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Jonah: Introduction and Commentary (Illuminations)

, 2021
ISBN: 9780802868312



The dominant reading of the book of Jonah—that the hapless prophet Jonah is a lesson in not trying to run away from God—oversimplifies a profoundly literary biblical text, argues Amy Erickson. Likewise, the more recent understanding of Jonah as satire is problematic in its own right, laden as it is with anti-Jewish undertones and the superimposition of a Christian worldview onto a Jewish text. How can we move away from these stale interpretations to recover the richness of meaning that belongs to this short but noteworthy book of the Bible?

This Illuminations commentary delves into Jonah’s reception history in Christian, Jewish, and Islamic contexts while also exploring its representations in visual arts, music, literature, and pop culture. After this thorough contextualization, Erickson provides a fresh translation and exegesis, paving the way for pastors and scholars to read and utilize the book of Jonah as the provocative, richly allusive, and theologically robust text that it is.

The Illuminations Commentary Series is an innovative resource for all who are interested in engaging the Bible in depth. The author of each volume employs the full range of biblical scholarship to illumine the text from a wide variety of perspectives, including the engagement and impact of the text through the centuries.

The volumes are designed to be accessible and enjoyable. To that end, discussion of each portion of the text begins with the author’s introduction, written fluidly and with minimal use of foreign languages, technical jargon, reporting of alternative proposals, and citations of secondary literature. Most readers may find it sufficient to read this portion and turn to the following material only for reference.

The commentary that follows the introduction provides a thorough accounting of the text in its original language and an engagement with other scholars. With both the introduction and commentary sections, each volume in the Illuminations series offers a big-picture understanding of the biblical book in question without sacrificing scholarly depth.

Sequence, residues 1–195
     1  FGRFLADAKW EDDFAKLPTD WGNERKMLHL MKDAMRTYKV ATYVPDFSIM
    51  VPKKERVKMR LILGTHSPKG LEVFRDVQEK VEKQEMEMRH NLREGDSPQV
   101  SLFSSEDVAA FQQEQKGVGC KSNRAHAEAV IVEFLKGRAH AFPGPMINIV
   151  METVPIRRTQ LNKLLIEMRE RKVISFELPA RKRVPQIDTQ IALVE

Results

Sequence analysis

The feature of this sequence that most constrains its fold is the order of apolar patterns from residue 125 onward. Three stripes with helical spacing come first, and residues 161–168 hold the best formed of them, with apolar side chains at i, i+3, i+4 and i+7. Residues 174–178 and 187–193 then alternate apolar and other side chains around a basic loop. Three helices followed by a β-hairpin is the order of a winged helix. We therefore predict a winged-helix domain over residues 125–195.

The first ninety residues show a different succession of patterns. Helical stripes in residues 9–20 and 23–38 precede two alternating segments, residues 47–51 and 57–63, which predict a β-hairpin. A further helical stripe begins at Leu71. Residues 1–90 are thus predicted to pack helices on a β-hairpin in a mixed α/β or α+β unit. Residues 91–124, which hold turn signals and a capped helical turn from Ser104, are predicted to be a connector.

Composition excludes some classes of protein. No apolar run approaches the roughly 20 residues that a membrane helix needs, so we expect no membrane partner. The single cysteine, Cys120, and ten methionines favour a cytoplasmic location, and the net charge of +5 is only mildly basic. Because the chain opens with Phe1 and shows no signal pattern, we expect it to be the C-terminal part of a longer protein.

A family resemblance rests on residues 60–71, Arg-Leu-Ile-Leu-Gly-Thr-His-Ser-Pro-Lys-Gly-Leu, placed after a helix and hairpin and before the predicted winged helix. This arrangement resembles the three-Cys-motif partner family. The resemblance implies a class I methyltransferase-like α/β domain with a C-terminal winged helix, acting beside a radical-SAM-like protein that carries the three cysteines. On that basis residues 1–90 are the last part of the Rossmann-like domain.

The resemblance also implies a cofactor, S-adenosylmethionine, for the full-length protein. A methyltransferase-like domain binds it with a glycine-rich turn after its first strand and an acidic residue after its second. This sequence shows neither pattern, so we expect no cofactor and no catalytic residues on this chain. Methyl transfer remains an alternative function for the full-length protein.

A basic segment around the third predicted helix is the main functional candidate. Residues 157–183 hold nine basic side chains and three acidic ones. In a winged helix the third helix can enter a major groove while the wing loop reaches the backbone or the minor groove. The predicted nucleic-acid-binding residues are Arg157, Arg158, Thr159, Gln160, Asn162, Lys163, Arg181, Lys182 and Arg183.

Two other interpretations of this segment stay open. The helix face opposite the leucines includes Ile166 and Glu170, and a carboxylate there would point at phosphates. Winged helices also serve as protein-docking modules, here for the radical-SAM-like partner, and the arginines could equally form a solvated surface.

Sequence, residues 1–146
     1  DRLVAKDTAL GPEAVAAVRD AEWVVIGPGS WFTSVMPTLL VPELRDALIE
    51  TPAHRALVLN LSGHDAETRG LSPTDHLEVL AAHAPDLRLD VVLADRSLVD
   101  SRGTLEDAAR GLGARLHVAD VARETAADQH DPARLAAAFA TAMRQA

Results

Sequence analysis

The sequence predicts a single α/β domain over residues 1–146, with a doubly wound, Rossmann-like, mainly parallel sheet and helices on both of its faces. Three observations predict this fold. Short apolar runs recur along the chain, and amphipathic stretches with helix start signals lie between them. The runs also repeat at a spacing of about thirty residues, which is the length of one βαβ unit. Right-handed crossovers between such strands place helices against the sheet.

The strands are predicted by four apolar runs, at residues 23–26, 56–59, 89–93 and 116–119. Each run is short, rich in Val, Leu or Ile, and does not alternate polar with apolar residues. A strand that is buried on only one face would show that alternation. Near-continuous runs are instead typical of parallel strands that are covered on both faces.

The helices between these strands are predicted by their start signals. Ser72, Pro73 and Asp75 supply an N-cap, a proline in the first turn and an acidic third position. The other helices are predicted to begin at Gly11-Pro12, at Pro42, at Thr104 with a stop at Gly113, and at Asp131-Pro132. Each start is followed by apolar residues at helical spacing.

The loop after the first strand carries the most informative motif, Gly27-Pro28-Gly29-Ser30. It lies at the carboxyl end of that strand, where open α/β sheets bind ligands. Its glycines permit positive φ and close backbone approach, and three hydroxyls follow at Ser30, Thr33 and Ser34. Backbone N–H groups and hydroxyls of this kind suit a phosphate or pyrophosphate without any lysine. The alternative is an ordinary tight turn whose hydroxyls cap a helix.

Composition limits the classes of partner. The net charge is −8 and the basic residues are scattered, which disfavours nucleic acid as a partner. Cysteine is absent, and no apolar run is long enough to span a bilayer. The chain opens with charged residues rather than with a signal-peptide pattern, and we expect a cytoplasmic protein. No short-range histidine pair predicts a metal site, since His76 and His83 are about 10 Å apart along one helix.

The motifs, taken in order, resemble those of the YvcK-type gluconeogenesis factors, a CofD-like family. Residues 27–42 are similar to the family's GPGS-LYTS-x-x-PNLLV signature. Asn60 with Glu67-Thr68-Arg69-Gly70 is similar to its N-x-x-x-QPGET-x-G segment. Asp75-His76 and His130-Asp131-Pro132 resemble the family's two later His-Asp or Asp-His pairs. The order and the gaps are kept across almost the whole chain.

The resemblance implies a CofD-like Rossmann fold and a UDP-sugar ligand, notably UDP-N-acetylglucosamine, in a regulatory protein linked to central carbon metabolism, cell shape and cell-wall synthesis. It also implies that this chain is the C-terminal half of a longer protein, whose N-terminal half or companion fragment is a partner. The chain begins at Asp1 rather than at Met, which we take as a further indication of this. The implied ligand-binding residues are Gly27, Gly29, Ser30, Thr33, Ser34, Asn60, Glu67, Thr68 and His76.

• Provides a fresh translation and exegesis
  • Explores Jonah’s representations in visual arts, music, literature, and pop culture
  • Examines Jonah’s reception history in Christian, Jewish, and Islamic contexts
  • Title: Jonah: Introduction and Commentary
  • Author: Amy Erickson
  • Series: Illuminations Commentary Series
  • Publisher: Eerdmans
  • Print Publication Date: 2021
  • Logos Release Date: 2021
  • Pages: 466
  • Era: era:contemporary
  • Language: English
  • Resources: 1
  • Format: Digital › Logos Research Edition
  • Subjects: Bible. O.T. Jonah › Commentaries; Bible. O.T. Jonah › Introductions
  • ISBN: 9780802868312
  • Resource ID: LLS:ICS32JON
  • Resource Type: Bible Commentary
  • Metadata Last Updated: 2021-05-12T16:52:49Z

In the Logos edition, this volume is enhanced by amazing functionality. Important terms link to dictionaries, encyclopedias, and a wealth of other resources in your digital library. Perform powerful searches to find exactly what you’re looking for. Take the discussion with you using Overview tablet and mobile apps. With Logos Bible Software, the most efficient and comprehensive research tools are in one place, so you get the most out of your study.

Amy Erickson’s teaching and scholarship is informed by her conviction that the Hebrew Bible is a rich resource for theological reflection. Erickson joined the Iliff faculty in 2007. Her dissertation explores the metaphor of God as enemy in Job’s speeches and the relationship of that metaphor to the biblical laments. Her research interests include Hebrew poetry, metaphor theory, Semitic languages and philology, creation texts and theology, poetic and mythological texts in ancient Near Eastern literature, and preaching Old Testament/Hebrew Bible texts. She is currently pursuing a study of metaphors in the Psalter from a feminist perspective. Erickson has taught a wide range of courses, including Feminist Approaches to the Bible, Gender, Race and Power in the Hebrew Bible, Poetry in the Hebrew Bible, the Book of Jeremiah, the Book of Job, and Psalms and Prophets. The question of how the Hebrew Bible can inform the life of faith motivates her to teach and lecture in local churches. Erickson is a contributor to the Feasting on the Word Lectionary Commentary Series. She has also written an article on depictions of Job in early Christian art for the Encyclopedia of Early Christian Art and Archaeology.


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